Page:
• Engine Crankcase: An important function of a crankcase is to hold engine oil. Oil is dispensed through a fill tube or cap into the crankcase, and as the engine runs, is used to lubricate internal parts like the connecting rod bearings, piston, and camshaft assembly. Oil seals are installed in the crankcase where the crankshaft ends protrude through to prevent oil from leaking out during operation. Because the crankcase is used as an oil reservoir, it will sometimes be called a sump (OIL FILL).
  • Engine Oil Filler Cap: Where you add engine oil. It then goes to the crankcase and oil pan / sump.
  • Rear Main Seal: Rear main seals come in many shapes and sizes, but all are responsible for sealing the back of an engine’s crankshaft. These vital seals must keep oil inside the engine while coping with the crankshaft’s rotation and heat expansion. Rope Seal found in older model cars:

Engine Oil Dip Stick – Used to check oil level.


 

Fuel

    • Additive: a substance added to another in relatively small amounts to impart or improve desirable properties or suppress undesirable properties.
    • Capless Fuel System: Diesel & Gas / Fuel Systems below.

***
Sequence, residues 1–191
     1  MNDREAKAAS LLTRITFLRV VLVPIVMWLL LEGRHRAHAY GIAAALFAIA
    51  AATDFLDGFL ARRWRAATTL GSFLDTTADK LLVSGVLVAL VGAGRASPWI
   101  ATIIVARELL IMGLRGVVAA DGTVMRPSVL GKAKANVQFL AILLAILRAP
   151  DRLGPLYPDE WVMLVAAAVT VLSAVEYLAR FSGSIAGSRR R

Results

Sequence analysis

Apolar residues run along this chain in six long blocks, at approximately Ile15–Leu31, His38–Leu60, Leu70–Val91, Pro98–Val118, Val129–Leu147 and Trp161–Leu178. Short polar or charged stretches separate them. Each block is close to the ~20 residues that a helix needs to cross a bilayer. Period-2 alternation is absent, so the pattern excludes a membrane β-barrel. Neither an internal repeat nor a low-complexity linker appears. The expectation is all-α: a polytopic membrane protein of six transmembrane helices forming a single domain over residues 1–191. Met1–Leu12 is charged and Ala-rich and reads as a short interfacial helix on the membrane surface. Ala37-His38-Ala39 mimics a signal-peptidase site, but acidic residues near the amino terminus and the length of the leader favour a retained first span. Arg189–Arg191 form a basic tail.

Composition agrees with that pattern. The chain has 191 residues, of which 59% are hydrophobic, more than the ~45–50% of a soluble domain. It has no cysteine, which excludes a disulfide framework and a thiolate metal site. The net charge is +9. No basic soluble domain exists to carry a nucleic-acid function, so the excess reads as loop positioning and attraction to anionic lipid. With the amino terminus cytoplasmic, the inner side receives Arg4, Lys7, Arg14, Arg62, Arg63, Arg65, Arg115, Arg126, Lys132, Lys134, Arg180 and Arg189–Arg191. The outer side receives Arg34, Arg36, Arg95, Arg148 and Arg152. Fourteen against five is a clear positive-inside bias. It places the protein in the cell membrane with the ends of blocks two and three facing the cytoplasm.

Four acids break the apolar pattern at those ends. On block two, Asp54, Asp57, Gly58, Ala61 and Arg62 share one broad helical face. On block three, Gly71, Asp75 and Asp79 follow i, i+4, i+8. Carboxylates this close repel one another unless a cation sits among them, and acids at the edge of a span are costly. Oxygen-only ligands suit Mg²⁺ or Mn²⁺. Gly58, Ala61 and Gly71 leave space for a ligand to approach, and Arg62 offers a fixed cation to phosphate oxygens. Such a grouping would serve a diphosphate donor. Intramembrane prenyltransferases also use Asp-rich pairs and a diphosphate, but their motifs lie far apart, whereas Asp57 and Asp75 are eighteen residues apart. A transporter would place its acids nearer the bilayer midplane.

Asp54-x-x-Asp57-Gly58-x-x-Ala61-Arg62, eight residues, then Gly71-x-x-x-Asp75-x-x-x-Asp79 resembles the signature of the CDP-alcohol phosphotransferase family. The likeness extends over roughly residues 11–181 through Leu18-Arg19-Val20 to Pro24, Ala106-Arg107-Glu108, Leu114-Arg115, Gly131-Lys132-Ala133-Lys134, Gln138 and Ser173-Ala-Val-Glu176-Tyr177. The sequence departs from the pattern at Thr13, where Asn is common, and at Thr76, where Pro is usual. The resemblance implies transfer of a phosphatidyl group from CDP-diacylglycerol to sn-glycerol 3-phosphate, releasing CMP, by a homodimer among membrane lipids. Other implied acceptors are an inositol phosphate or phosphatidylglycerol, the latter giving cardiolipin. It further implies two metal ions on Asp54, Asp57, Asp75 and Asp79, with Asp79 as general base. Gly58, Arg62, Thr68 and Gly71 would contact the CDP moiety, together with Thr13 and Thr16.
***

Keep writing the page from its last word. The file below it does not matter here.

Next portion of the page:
• Misfuelling Device: As an example, this funnel is specifically designed for installing our fuel products, but other funnels will also work.

Power Steering

Types and Operations

  • The two most common types of steering gearboxes are “rack and pinion” and “worm gear” arrangements. Both operate by using gears to translate the rotation of the steering wheel into the sideways motion of a shaft that connects the two front wheels. While rack-and-pinion systems are very simple, the distinct advantage of worm gears is the strength of their construction.

Gear Box

  • The standard gear box uses a worm gear that is rotated by the steering wheel to move the pitman shaft. The worm gear contains spiral cut grooves that mesh with a sector gear at the top of the pitman shaft. The spiral action of the worm gear causes the pitman shaft to move the steering linkage in a linear motion. Power steering is achieved by using hydraulic pressure to assist in the rotation of the worm gear.</li.

Rack & Pinion

  • Rack and pinion steering provides a much simpler method of converting the circular motion of the steering wheel to linear motion for steering. The steering column attaches to the top of the rack and pinion unit and rotates the pinion gear. The pinion gear actuates the rack, which is a simple straight shaft with teeth cut in the top. The rack will simply move back and forth, in a linear motion, in response to the pinion gear. The only steering linkage used is tie rods to indirectly link the rack gear to the steering knuckle. Vehicles with power rack and pinion steering use hydraulic pressure to assist in rotating the pinion gear.